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From Mario Ivankovits <ma...@ops.co.at>
Subject Re: [vfs] usage questions
Date Wed, 08 Mar 2006 07:05:30 GMT
Hi!
> 1) I call VFS.getManager() from a constructor of my file system wrapper
> class, and use that one FileSystemManager instance every time a CommonsVFS
> operation is executed. Is this the correct usage? Or should I get a
> different FileSystemManager for each request. I notice that the close()
> method is not on the FileSystemManager interface.
>   
Using VFS.getManager() is the correct use, and a "soft reference" cache
tries to keep memory clean.
I use it in our web-app the same way.
Though, there is noting bad with instantiating the FileSystemManager
manual for every request - beside the fact that it is a hevyweight
operation.

> 2) If you can use the same FileSystemManager instance across multiple calls,
> do you need to periodically free unused resources?
>   
In theory not, but VFS creates a vfs_temp directory where you should
setup some cron job to remove old files.
Sometimes (or often ;-) ) not all files are deleted.
> 3) Do you only need to close a FileObject when you have retrieved the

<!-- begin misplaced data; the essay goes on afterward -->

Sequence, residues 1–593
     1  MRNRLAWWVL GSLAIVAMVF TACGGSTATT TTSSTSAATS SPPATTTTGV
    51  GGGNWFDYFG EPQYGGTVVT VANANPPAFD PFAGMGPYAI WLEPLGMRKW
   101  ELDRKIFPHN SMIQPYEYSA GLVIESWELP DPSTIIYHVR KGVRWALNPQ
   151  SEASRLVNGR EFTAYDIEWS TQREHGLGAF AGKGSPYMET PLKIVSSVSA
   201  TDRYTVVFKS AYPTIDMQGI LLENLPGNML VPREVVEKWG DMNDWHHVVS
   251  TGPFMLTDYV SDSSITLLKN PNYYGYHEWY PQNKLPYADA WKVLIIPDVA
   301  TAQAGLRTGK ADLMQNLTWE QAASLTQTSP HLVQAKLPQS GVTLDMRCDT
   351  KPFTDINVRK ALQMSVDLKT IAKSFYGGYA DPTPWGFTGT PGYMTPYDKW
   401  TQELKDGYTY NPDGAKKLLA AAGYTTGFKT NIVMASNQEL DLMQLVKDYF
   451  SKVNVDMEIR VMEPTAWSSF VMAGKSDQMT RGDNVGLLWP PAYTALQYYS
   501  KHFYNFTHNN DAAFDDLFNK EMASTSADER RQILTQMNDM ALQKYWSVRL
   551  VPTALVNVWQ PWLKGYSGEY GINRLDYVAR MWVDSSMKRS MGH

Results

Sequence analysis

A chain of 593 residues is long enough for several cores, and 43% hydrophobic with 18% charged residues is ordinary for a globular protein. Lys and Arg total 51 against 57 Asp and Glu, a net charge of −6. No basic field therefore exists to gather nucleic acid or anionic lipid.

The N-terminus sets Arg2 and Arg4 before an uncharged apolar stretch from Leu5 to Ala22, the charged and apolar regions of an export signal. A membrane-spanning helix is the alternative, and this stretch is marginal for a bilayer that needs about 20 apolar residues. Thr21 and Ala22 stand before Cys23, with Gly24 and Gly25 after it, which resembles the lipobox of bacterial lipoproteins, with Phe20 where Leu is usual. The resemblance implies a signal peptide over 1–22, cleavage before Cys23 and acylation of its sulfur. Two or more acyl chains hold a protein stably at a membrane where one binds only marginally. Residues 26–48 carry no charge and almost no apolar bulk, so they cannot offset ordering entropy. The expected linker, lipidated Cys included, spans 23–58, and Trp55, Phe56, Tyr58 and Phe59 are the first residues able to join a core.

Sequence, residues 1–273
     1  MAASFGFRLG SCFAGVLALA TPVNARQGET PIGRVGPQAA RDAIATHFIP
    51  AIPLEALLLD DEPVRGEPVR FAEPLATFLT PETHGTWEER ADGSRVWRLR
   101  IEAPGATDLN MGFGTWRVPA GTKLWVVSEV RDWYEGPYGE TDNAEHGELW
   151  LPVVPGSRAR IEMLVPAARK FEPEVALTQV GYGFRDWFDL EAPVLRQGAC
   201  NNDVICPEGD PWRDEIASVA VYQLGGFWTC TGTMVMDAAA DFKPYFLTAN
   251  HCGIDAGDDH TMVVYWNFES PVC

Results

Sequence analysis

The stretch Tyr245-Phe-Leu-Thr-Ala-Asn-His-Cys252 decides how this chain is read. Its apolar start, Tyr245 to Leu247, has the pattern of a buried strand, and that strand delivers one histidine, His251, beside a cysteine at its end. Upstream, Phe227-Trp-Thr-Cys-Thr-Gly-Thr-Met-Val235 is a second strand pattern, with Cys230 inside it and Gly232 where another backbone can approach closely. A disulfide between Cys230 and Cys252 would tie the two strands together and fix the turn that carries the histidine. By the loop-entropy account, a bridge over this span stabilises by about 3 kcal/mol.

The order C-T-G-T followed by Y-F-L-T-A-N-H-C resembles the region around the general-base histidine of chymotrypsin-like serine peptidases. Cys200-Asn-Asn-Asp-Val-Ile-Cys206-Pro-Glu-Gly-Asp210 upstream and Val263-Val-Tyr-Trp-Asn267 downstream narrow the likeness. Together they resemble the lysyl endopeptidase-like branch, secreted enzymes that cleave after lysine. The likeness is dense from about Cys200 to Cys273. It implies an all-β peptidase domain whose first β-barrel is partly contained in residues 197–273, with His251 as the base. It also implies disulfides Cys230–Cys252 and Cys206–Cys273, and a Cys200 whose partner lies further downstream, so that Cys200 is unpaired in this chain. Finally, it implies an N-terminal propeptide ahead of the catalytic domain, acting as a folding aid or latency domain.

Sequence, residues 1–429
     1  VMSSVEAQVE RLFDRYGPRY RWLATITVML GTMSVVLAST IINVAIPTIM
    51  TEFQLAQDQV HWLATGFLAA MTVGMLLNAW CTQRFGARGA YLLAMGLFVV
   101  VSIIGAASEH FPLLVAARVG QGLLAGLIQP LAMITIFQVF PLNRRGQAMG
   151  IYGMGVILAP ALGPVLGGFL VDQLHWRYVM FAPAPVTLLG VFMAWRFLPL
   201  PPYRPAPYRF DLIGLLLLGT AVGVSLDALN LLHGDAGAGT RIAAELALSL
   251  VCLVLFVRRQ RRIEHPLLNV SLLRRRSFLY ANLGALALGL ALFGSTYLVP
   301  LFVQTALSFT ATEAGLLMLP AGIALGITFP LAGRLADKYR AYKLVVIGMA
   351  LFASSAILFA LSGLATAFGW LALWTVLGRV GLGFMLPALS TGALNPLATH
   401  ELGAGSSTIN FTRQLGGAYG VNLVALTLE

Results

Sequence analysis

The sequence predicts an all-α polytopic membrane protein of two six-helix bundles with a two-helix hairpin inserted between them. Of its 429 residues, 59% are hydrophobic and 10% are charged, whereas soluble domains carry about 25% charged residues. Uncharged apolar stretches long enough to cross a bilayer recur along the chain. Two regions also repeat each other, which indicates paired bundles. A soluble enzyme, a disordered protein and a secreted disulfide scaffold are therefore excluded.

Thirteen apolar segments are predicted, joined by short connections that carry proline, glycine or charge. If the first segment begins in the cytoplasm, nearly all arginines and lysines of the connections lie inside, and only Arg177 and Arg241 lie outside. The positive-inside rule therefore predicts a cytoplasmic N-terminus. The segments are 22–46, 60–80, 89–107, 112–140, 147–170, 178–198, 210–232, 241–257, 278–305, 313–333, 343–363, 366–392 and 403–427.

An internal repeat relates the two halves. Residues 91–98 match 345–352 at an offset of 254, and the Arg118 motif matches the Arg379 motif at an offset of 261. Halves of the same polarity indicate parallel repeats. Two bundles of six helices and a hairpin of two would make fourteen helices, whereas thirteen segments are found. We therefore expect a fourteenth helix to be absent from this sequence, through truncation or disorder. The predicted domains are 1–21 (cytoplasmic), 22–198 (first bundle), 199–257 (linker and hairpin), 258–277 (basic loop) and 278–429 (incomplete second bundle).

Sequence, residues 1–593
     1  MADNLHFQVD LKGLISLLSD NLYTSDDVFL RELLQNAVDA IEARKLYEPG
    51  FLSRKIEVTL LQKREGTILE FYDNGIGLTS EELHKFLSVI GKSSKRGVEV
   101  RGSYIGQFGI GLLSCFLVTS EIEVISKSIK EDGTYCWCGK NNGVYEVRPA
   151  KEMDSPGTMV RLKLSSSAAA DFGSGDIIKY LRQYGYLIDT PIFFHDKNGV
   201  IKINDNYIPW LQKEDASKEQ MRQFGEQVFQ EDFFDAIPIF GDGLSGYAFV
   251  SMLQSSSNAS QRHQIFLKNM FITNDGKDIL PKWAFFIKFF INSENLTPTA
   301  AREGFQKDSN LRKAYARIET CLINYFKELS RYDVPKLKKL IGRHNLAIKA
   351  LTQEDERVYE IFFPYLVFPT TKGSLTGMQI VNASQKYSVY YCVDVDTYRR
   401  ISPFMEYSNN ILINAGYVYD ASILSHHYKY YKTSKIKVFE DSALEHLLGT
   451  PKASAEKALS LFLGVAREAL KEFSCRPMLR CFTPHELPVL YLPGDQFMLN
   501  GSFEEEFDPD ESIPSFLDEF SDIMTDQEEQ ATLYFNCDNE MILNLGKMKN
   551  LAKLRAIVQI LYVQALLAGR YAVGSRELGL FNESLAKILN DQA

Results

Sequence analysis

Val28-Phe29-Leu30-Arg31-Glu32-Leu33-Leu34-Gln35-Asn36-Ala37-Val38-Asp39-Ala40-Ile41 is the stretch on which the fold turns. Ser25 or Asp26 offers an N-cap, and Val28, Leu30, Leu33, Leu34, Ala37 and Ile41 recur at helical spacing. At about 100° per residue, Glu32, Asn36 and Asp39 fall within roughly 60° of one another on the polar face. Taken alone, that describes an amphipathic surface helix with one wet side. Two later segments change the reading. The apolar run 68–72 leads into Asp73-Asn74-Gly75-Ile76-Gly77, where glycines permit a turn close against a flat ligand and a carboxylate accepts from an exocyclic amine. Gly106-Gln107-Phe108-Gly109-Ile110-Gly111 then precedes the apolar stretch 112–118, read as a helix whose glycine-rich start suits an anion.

> content, or should close it after any operation.
>   
Its sufficient to close a FileObject after you have done some stream
(create file/output/input) operations. For this you can use the .close()
method of the stream instance.
Though, when you use the VFS.getManager() stuff its sometimes required
(e.g. when you monitor a file) to close() the FileObject to synchronize
the internal state with the filesystem.

> Sorry if these seem like silly questions, but the documentation seems a
> little unclear. It says in the documentation that "You should make sure that
> you call close() on the manager when you are finished with it." Is this for
> all methods of retrieval and configuration, or only when you create and configure it
programmatically.
>
>   
If you use a single instance for all threads (VFS.getManager()) then you
should NOT call close() as this will affect other threads. If you create
your own manager on a e.g. per-request basis you are safe to call
close() on the manager, and thus you can be sure all resources were freed.

Hope that helps!
Ciao,
Mario


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